A defibrillator manufacturer has donated a life-saving device after reading in the Mail that one had been stolen from a car in Lurgan.
Belfast based HeartSine Technologies kindly donated the defibrillator to the original owner after one was stolen from Avenue Road in June.
Joy Taggart, Global Inside sales manager at HeartSine, immediately contacted us when she read that the stolen bag was discarded, but the defibrillator had been taken.
Joy said: “Working for a company which manufactures defibrillators and knowing that having one really can make the difference between life and death, I was extremely saddened to hear that one had been stolen.
“Sudden Cardiac Arrest (SCA) kills 270 people every single day in the UK and can happen to absolutely anyone, regardless of age or fitness levels, at any time.
“The use of a defibrillator, combined with Cardiopulmonary Resuscitation (CPR) increases the SCA survival rate to over 70%, compared to less than just 5% with CPR alone.”
Joy said: “As soon as I read the article, I contacted the news team at the Lurgan Mail who provided the details of the Lurgan Neighbourhood Policing Team.
“From there, we arranged for HeartSine to donate a replacement device which has since been accepted by the PSNI on the owner’s behalf and presented to her.
“I am delighted that by working together, HeartSine, the Lurgan Mail and the PSNI, have achieved a positive outcome.”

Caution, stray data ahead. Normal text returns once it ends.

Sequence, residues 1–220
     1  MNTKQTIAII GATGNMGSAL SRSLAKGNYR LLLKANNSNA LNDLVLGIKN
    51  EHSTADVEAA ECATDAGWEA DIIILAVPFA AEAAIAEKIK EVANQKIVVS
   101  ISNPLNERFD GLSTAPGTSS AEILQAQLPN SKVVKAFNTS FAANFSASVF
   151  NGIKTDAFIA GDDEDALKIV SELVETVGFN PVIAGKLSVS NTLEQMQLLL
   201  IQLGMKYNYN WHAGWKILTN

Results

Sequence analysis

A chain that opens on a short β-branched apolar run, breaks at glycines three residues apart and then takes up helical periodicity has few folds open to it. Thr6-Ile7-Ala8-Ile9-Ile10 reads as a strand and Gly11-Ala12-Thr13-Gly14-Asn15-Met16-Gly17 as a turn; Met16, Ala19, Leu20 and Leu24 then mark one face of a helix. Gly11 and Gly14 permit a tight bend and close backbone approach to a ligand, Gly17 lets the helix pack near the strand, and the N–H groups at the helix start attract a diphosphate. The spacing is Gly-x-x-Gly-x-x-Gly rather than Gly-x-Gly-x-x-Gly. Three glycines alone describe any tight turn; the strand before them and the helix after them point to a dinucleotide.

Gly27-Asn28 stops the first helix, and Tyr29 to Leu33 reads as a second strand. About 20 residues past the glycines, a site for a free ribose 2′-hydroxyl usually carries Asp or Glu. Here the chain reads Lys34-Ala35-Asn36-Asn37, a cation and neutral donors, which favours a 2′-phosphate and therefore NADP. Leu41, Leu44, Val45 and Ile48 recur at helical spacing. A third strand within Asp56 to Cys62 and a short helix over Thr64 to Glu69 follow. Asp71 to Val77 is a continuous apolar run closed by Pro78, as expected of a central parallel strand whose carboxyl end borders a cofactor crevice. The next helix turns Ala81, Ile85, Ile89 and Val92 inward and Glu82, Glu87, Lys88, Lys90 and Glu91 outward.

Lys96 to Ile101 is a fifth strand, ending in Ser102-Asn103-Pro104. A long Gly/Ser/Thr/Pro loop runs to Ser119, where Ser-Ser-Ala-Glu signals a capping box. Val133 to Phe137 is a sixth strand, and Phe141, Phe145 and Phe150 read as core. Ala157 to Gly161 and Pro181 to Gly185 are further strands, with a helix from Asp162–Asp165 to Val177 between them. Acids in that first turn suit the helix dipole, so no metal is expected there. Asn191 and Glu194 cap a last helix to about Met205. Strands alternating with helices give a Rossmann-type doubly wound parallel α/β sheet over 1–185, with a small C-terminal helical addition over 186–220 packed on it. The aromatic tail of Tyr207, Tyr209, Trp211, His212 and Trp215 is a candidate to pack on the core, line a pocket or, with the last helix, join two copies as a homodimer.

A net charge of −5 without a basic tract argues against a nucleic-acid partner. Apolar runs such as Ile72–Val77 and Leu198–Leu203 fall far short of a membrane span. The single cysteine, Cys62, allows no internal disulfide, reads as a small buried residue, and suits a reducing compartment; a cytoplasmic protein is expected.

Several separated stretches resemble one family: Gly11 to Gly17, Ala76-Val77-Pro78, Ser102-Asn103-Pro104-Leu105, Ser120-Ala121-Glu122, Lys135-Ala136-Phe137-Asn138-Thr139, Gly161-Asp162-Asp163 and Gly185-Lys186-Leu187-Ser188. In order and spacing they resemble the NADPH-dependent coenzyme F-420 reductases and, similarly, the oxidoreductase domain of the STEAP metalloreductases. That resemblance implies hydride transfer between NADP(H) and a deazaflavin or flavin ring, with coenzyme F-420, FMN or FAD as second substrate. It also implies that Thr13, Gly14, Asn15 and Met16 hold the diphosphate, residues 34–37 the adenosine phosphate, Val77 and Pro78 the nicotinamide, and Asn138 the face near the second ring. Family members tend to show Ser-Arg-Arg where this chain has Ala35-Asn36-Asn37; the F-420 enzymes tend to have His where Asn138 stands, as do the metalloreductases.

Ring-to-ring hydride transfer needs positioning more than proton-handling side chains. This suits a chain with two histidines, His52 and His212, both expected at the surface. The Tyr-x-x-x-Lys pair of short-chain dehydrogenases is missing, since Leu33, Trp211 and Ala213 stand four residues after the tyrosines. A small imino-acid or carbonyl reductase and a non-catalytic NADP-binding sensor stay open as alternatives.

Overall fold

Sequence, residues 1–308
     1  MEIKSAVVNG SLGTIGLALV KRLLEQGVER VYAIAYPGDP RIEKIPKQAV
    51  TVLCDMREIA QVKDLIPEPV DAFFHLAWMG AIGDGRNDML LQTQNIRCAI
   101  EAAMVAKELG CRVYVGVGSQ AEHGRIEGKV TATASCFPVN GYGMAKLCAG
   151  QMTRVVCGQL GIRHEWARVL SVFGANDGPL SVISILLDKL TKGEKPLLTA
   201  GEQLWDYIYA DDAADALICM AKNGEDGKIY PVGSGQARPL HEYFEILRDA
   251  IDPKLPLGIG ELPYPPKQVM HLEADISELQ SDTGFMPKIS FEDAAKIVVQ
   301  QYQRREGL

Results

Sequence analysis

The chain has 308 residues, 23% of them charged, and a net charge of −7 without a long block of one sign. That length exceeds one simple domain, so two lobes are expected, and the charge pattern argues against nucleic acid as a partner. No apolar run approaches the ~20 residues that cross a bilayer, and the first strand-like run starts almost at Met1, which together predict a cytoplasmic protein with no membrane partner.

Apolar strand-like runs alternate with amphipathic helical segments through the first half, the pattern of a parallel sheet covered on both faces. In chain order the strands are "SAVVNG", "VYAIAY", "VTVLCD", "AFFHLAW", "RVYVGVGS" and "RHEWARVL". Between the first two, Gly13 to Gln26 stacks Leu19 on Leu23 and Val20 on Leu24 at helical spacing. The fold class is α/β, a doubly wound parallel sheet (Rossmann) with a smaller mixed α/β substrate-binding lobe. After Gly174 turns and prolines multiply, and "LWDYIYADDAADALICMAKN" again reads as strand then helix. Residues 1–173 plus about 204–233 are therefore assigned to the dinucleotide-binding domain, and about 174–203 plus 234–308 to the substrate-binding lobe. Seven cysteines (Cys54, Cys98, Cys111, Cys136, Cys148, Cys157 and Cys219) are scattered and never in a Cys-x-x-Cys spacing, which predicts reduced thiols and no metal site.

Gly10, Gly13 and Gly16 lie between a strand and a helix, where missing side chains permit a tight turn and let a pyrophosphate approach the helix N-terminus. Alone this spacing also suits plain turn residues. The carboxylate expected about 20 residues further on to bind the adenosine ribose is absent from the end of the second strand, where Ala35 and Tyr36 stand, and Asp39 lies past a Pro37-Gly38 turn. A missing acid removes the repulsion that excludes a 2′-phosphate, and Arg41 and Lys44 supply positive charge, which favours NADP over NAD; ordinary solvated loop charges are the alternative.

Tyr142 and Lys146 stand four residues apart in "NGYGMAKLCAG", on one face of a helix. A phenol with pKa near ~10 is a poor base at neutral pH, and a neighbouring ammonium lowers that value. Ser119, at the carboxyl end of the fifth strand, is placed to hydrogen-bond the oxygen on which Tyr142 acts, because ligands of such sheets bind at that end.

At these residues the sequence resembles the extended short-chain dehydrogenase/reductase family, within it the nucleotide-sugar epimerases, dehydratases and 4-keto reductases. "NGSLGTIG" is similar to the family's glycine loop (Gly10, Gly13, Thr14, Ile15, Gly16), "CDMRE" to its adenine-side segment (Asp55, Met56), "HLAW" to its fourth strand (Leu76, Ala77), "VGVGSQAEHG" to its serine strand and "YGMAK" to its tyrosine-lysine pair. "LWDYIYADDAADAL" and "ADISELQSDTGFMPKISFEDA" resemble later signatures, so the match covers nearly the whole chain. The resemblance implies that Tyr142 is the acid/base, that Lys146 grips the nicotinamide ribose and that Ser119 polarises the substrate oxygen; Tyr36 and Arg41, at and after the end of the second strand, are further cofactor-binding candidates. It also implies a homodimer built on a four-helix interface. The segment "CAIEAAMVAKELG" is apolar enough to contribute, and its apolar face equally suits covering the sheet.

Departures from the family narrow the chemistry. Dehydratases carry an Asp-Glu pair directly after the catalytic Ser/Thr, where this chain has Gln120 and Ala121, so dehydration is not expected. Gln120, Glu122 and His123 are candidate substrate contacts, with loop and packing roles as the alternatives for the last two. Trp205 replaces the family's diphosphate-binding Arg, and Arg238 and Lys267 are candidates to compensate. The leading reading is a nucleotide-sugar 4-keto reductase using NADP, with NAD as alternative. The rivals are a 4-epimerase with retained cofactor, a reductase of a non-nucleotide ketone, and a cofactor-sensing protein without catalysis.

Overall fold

Constable Michael Allen, of Lurgan Neighbourhood Policing Team, who accepted the replacement defibrillator on the owner’s behalf, said: “We are happy to accept this defibrillator on the owner’s behalf after the kind donation from HeartSine. The owner is extremely grateful.
“That said, the stolen defibrillator has not yet been recovered and I would appeal for anyone with information to contact us.”
More people die of Sudden Cardiac Arrest in the UK than from lung cancer, breast cancer and AIDS combined. Many of these deaths could be prevented by ensuring access to defibrillators.
HeartSine manufactured devices, which are produced in more than 23 languages and already deployed in over 40 countries throughout the world, talk the responder through the entire ‘save’ process. This means they can be used by absolutely anyone, with little or even no first aid training, until medical professionals arrive on site.